What’s that you ask? What’s shRNA and what does it do? The short answer is that it’s an artificial piece of RNA that’s used to silence gene expression by cutting mRNA. Basically, stopping the instructions of protein-making from getting to the protein-making machine (the ribosome, in case you were wondering what this machine is called). Sounds simple enough, right? For the moment, yes. But now that you know what shRNA is, you will come up with more questions. For example, if it’s artificial, how does it get into the cell? And why would we want to silence gene expression? Who uses shRNA and in what situations? Good thing you’re reading this newsletter, because we’re going to answer all those questions for you today!
shRNA Delivery Mechanism
What’s the best way to get foreign genetic material into a cell? Why, by nature’s very own design – a virus. Adenoviruses, lentiviruses, and adeno-associated viruses make great microscopic vehicles to send shRNA into the nucleus with the help of reverse transcriptase. One thing researchers have to be careful about using viral vectors is the possibility of causing cancers. Depending on where the viral DNA is inserted into our genome, sometimes things can go very very wrong. More recently, scientists have discovered that bacteria, specifically E. coli, can make this transfer as well!
Why Silence Genes?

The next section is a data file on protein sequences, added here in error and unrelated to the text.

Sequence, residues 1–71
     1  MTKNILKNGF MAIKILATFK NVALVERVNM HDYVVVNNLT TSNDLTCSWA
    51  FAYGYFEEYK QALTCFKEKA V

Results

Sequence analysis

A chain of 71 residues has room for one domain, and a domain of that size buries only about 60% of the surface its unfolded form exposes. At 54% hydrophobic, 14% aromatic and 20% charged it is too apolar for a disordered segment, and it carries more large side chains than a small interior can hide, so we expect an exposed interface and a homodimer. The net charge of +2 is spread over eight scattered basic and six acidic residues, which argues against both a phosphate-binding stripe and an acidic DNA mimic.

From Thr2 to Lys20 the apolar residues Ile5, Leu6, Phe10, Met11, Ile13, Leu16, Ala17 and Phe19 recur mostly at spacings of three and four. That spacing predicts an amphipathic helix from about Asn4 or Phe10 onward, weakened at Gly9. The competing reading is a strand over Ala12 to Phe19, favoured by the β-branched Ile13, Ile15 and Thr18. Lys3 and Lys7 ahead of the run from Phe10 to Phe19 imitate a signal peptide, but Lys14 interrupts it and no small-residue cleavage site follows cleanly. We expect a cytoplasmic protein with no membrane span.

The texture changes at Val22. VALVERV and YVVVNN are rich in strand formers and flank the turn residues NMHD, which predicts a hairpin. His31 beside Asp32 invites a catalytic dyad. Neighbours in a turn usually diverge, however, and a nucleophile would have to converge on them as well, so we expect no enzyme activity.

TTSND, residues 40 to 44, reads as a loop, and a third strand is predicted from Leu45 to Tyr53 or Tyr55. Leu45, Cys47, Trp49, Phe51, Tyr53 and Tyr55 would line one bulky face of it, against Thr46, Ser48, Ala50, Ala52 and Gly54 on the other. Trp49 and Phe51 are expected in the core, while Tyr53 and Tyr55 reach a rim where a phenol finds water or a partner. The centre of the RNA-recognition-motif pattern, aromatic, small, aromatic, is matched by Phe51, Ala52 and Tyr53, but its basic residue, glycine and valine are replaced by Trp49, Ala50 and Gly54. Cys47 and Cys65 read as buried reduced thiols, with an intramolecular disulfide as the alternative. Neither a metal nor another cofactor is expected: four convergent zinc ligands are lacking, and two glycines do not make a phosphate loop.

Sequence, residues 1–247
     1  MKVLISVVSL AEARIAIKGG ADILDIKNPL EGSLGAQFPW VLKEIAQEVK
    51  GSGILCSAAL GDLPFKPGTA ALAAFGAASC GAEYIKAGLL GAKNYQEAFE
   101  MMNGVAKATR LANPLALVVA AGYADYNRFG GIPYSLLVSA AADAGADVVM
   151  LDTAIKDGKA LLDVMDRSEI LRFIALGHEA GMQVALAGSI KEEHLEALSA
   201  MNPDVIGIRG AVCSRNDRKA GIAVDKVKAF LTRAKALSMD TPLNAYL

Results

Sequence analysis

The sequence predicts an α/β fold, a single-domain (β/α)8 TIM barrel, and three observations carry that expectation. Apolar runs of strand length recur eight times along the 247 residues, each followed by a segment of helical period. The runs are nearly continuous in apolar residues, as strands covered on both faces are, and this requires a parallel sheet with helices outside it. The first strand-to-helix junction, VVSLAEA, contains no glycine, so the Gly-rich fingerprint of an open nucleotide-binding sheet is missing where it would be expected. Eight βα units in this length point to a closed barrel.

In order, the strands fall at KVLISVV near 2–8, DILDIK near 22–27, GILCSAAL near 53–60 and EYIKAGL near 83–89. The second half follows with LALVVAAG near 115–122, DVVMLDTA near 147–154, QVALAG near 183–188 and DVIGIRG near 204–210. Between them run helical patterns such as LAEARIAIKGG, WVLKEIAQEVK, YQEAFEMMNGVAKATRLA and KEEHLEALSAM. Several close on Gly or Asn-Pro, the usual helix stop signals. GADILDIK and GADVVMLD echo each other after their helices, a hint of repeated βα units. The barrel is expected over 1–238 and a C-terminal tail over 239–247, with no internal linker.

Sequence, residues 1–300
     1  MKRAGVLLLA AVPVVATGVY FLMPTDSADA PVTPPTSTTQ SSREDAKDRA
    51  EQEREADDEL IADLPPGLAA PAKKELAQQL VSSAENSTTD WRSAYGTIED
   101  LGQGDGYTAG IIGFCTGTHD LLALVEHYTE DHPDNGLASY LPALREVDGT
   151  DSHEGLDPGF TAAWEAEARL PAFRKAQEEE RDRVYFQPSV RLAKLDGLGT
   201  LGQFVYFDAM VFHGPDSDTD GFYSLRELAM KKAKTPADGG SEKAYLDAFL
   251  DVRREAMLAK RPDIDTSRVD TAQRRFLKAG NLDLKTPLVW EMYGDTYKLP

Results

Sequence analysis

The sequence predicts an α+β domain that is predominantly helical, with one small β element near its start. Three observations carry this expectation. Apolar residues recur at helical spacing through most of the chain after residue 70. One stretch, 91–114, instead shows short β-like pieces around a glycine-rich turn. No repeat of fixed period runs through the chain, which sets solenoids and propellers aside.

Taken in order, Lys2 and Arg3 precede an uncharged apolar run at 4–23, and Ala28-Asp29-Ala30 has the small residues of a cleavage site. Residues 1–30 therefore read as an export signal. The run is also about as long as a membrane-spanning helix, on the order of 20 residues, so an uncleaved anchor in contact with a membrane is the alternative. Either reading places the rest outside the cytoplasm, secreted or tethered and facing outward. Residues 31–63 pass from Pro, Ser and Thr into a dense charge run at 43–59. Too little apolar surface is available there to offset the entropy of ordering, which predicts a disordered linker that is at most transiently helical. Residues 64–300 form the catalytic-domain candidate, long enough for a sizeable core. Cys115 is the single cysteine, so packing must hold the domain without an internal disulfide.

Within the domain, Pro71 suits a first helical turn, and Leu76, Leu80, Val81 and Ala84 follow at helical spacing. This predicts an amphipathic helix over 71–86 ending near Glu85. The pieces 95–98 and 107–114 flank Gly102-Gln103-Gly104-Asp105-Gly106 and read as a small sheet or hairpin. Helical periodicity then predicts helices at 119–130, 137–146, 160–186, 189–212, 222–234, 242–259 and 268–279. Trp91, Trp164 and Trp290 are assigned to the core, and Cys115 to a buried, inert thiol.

When genes are working properly, life is pretty much hunky-dory. It’s not until something goes wrong that we realize just how important properly working genes and gene expression is. One of the most promising uses of shRNA is to create customized cancer therapies for patients. Instead of using chemotherapy drugs that flood the body with toxins in the hopes that it kills the cancer cells faster than it does our own cells, targeted therapy means that only the cells we want to kill are killed. And since there can be different mutations for the same kind of cancer, getting to the root of what genes are causing the cells to grow out of the control is something that shRNA can do.
Own Some shRNA
While a gift of real shRNA is probably not something that would make it to your wishlist, an shRNA necklace from us might! We even have it in two versions, a horizontal and vertical one. If you enjoyed this week’s story about this powerful little piece of nucleic acid, then head to our online store to get yourself a short hairpin RNA! Buy it for yourself or for a friend. It also makes a great gift for oncologists, cancer researchers, cancer survivors, and starry-eyed pre-med students.
written by Science with Evie